The extreme love for gold in India is centuries old. India had earned the sobriquet of the golden bird without having huge reserves of gold in its mines. Roman writer Pliny complained in the first century AD about India draining all gold from the empire in lieu of fine fabric and spices.

Superior trade practices helped India get gold in every hold — the kings’ treasuries and each of the temples. Two thousand years after Pliny, India still sees one-third of all gold movements happening through its borders, says Canada-based group IMPACT in its assessment.

It is estimated that up to one-fourth of the total volume of gold entering India arrives here through illicit trade. India imports around 800-900 tonnes of gold every year while the annual consumption is around 1,000 tonnes. This suggests that up to 200 tonnes of gold is being smuggled into the country.

The Kerala gold smuggling case has brought the focus on India being a safe haven for illicit trade in the yellow metal. The NIA is handling the case over suspicion of links between gold smuggling and terror networks in India. A secretary to Kerala Chief Minister Pinarayi Vijayan has been removed and two UAE consulate employees taken in to NIA custody as part of the probe.

Observers say India has recently seen an upsurge in gold smuggling, which was rampant during the decades before liberalisation and opening up of Indian economy in 1990s.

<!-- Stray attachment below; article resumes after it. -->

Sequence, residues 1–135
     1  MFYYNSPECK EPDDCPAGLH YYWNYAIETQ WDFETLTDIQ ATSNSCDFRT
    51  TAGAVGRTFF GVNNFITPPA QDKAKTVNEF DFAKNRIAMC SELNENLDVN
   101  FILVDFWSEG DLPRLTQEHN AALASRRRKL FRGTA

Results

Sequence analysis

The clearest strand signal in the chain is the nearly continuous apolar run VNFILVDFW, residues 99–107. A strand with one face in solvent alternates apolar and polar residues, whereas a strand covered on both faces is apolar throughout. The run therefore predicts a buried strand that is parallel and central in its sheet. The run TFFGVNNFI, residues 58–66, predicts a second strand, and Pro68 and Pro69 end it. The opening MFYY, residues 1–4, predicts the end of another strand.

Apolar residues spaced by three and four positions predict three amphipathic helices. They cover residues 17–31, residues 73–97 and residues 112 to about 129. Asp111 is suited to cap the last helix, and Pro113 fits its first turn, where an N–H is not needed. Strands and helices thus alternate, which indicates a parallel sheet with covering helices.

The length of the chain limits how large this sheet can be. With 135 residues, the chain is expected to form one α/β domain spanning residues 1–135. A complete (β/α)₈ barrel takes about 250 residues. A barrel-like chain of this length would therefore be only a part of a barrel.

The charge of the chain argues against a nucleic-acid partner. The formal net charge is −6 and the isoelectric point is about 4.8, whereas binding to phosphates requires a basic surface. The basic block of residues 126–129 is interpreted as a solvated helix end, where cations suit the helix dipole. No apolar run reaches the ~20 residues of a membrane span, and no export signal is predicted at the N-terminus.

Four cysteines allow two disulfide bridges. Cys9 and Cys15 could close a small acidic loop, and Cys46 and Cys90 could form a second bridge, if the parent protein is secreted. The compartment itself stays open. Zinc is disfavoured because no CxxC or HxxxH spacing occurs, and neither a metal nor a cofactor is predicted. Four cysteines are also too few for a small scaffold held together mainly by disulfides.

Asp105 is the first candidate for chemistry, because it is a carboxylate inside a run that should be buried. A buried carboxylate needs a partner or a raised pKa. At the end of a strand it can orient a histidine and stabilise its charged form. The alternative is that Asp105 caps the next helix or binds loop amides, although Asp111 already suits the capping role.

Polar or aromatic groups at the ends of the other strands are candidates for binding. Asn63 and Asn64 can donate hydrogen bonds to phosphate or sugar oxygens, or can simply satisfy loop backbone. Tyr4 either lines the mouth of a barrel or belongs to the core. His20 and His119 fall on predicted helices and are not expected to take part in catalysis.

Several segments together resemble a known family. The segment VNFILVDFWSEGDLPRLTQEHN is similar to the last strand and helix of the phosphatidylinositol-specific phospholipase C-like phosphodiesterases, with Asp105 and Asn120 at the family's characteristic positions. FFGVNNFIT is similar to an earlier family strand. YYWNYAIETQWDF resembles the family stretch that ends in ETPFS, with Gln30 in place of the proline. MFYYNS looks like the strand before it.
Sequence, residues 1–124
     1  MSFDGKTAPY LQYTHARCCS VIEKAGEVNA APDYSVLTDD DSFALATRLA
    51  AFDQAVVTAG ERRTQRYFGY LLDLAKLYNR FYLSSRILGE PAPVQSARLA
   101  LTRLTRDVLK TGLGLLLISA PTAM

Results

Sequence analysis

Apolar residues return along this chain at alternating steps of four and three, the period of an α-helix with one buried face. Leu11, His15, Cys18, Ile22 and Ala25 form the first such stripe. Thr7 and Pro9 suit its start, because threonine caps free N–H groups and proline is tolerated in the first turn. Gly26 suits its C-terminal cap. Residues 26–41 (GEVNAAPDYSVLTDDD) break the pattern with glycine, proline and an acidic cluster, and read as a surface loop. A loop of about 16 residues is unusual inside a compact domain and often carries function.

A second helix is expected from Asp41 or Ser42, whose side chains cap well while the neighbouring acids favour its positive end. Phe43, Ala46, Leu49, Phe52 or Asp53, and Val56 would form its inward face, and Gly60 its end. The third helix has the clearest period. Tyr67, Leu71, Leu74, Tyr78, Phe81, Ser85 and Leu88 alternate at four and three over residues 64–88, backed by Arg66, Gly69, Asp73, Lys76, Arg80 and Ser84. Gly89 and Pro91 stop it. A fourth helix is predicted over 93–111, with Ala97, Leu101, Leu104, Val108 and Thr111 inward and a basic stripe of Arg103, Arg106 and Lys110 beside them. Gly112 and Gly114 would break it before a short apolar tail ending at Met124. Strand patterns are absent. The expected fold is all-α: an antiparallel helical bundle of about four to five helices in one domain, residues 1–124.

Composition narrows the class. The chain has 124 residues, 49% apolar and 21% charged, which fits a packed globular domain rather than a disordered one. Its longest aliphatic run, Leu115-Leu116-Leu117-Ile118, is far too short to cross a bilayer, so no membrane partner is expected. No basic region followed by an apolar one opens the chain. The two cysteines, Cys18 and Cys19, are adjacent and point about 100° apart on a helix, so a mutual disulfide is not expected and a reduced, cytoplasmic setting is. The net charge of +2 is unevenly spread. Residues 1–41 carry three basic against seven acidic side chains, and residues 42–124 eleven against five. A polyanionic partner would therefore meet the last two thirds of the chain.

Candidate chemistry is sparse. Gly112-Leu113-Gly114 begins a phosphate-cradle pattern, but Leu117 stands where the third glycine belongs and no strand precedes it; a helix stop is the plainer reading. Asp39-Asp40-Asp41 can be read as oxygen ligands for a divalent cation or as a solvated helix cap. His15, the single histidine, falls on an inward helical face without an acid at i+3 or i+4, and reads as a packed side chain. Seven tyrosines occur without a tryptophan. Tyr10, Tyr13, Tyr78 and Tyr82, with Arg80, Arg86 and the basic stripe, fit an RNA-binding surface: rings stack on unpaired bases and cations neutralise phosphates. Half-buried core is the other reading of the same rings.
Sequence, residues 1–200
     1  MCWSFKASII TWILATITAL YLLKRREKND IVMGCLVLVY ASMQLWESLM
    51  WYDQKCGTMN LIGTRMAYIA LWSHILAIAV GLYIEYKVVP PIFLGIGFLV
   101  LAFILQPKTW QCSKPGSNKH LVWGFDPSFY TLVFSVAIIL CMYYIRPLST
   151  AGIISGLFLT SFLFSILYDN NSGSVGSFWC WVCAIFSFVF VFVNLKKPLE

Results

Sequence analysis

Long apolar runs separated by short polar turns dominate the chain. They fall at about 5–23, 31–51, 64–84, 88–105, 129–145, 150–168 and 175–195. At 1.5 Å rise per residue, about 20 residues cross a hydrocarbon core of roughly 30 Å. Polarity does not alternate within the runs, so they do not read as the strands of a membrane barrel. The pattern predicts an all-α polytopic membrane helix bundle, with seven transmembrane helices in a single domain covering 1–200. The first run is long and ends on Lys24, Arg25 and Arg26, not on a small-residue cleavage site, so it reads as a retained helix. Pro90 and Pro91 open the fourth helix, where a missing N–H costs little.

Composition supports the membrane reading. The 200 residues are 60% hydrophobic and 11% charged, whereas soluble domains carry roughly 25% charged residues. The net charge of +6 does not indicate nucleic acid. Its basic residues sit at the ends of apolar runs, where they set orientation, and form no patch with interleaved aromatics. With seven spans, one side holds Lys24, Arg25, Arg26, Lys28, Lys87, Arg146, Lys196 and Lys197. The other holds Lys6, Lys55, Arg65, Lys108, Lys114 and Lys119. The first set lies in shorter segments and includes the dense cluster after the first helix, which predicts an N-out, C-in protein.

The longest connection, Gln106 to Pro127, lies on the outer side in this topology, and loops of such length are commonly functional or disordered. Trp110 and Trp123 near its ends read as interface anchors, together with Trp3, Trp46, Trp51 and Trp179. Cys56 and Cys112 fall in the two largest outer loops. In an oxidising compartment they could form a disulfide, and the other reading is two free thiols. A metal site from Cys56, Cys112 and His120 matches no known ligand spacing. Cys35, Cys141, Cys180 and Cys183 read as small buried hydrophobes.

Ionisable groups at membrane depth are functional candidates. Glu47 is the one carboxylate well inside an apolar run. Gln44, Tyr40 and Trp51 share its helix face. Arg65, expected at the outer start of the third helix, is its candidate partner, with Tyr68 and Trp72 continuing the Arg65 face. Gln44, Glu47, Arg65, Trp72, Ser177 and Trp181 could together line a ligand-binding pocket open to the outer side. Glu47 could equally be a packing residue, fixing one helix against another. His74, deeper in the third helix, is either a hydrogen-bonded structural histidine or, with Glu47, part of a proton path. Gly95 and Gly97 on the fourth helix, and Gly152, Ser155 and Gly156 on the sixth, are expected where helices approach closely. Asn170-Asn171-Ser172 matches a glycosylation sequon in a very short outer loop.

The economic reforms of 1990s had repealed the Gold Control Act of 1960s that prohibited import of gold except for jewellery. The law had led to the emergence of a notorious network of gold smugglers during 1960s, 1970s and 1980s. Reforms led to a cap of Rs 450 per 10 gram on the duty imposed on the metal bringing gold smuggling almost to a grinding halt.

The rates started rising in 2013 when the government shifted from fixed rate to ad valorem, and within two months, the duty on gold increased four-fold to four per cent.

Today, the import of gold attracts a customs duty of 12.5 per cent (raised last year from 10 per cent), a GST of 3 per cent, and an additional GST of 5 per cent on making of gold ornaments.

Many argue that against the backdrop of the pull for gold among Indian people, a higher rate of taxes incentivises smuggling of the metal. Some estimates say there is a profit of Rs 6 lakh on every kg of smuggled gold over that that’s imported through legal routes. With the price of gold crossing Rs 50,000 for 10 gram, illicit trade becomes all the more profitable.

IMPACT assesses that India has approximately 20,000 tonnes of gold in private possession, stored in people’s households and offered at temples. This volume exceeds the combined weight of gold reserves held by the central banks of the US, the Eurozone and China. The volume is only increasing by the day.

Most of the gold enters India through the UAE, which accounts for 75 per cent of all entries. The UAE, in turn, is the favourite destination for gold coming from the Great Lakes region in Africa, the IMPACT report says. The seizure rate of illicitly traded gold is around two per cent, according to the World Gold Council’s (WGC).

India’s porous borders with Nepal, Bangladesh, Bhutan and Myanmar help smugglers in other cases. In 2019, the Directorate of Revenue Intelligence (DRI) was quoted in news reports as saying gold smuggling had surged from China, Taiwan and Hong Kong as well. E-commerce platforms are being used to hide gold in white goods, the DRI said.

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